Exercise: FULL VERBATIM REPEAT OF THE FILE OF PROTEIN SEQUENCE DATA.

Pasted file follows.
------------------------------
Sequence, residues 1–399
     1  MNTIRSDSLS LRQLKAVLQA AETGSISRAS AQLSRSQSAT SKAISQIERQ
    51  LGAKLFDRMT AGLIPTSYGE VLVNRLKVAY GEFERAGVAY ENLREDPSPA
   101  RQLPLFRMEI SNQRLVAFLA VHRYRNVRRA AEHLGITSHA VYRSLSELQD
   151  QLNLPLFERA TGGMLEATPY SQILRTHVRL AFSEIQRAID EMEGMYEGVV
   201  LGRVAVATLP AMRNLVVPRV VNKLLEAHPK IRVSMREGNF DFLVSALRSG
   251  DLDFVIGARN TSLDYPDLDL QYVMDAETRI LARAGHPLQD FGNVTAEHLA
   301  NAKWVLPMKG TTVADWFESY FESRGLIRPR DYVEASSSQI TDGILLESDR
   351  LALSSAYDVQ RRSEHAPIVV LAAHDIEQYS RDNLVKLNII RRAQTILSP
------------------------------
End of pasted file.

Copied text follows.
Sequence, residues 1–399
     1  MNTIRSDSLS LRQLKAVLQA AETGSISRAS AQLSRSQSAT SKAISQIERQ
    51  LGAKLFDRMT AGLIPTSYGE VLVNRLKVAY GEFERAGVAY ENLREDPSPA
   101  RQLPLFRMEI SNQRLVAFLA VHRYRNVRRA AEHLGITSHA VYRSLSELQD
   151  QLNLPLFERA TGGMLEATPY SQILRTHVRL AFSEIQRAID EMEGMYEGVV
   201  LGRVAVATLP AMRNLVVPRV VNKLLEAHPK IRVSMREGNF DFLVSALRSG
   251  DLDFVIGARN TSLDYPDLDL QYVMDAETRI LARAGHPLQD FGNVTAEHLA
   301  NAKWVLPMKG TTVADWFESY FESRGLIRPR DYVEASSSQI TDGILLESDR
   351  LALSSAYDVQ RRSEHAPIVV LAAHDIEQYS RDNLVKLNII RRAQTILSP